Tenant and real estate dispute over flooded home clean-up
A DISPUTE between a real estate agency and a tenant in a house in North Bundaberg has put the focus on who is responsible for cleaning up a property that has been hit by floods.
Cameron Lockyer said he managed to get his clothes and his dog out of the house he was renting in Gavin St on January 28 just before the flood hit.
But he said he was shocked to receive a phone call from McColms First National Real Estate telling him he would have to continue paying the rent even though he could no longer live in the property.
"When I got back to the property I had to clean up and try to salvage what I could, we lost a lot of stuff that was in the shed," he said.
He said he could find nowhere to store his belongings and asked his landlord if he could use the shed on the property.
He was allowed to do that but was told he would have to pay for storage.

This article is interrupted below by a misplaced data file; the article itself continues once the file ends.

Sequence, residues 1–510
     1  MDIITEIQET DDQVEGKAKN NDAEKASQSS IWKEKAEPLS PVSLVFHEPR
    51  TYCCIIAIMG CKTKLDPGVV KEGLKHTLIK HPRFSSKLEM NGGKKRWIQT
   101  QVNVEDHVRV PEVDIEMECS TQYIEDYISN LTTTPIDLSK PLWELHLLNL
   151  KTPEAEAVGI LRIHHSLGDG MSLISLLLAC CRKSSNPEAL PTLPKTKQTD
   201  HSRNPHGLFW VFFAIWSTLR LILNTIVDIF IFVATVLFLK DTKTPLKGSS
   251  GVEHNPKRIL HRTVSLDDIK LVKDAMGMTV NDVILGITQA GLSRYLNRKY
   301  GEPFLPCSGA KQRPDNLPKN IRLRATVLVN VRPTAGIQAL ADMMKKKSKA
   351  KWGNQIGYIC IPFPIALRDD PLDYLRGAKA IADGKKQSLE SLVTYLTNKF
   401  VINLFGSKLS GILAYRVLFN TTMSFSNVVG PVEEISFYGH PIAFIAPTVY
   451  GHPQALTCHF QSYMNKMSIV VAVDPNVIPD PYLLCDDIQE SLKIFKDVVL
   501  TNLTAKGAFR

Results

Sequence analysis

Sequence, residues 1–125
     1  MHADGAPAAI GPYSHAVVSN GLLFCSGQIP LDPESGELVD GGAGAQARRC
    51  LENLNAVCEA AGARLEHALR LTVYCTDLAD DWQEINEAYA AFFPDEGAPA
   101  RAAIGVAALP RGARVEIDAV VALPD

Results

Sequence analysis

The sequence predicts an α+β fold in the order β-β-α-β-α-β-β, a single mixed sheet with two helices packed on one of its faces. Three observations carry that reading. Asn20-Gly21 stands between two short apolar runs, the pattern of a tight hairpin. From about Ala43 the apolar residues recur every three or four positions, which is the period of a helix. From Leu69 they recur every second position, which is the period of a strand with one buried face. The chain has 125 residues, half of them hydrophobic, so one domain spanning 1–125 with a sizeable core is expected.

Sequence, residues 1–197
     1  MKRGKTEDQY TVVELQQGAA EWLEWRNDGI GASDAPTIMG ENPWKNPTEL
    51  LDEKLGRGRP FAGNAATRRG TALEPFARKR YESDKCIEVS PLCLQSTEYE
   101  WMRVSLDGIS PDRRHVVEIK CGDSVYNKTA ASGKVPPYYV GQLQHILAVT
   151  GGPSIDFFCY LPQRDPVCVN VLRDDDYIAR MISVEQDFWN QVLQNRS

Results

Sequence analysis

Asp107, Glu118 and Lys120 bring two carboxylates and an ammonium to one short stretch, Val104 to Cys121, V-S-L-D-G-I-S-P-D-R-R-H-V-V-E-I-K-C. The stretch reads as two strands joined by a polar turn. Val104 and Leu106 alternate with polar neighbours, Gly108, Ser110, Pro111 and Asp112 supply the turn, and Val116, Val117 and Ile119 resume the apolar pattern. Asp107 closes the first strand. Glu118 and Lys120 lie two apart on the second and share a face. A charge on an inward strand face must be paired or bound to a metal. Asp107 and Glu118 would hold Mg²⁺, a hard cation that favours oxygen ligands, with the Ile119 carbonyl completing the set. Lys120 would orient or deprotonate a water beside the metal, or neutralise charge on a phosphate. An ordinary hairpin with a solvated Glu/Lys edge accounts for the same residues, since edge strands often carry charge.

"I have been instructed to get all my gear out of the house and clean it so that the bond can be released and the insurance work can begin," he said.
Mr Lockyer said he had later been told the owner of the house wanted to keep half his bond because there was mould on the ceiling.
But McColms principal Heather Galley has rejected many aspects of Mr Lockyer's story.
"He was not told that he had to continue to pay rent," she said.
She said he was furnished with the fact sheet for natural disaster, and given a form to end the agreement with the landlord which he did not return.
Mrs Galley said Mr Lockyer was told to get his possessions out of the house as soon as possible so the assessors would not be hampered in their inspections.
"He was told the owner had authorised that 50% of his bond be refunded but was not told that 50% was being held to cover some mould on the ceiling," she said.
"He was told by me that the owner would have the right to charge for any damages that had occurred at the property that were caused by him and that the owner was possibly within her rights to ask for cleaning and removal of mould identified at an inspection in November last year."
Residential Tenancies Authority (RTA) CEO Fergus Smith said tenant were responsible for removing or cleaning their own possessions.
"The landlord is responsible for the maintenance and repairs needed to bring the property back to a liveable condition," he said.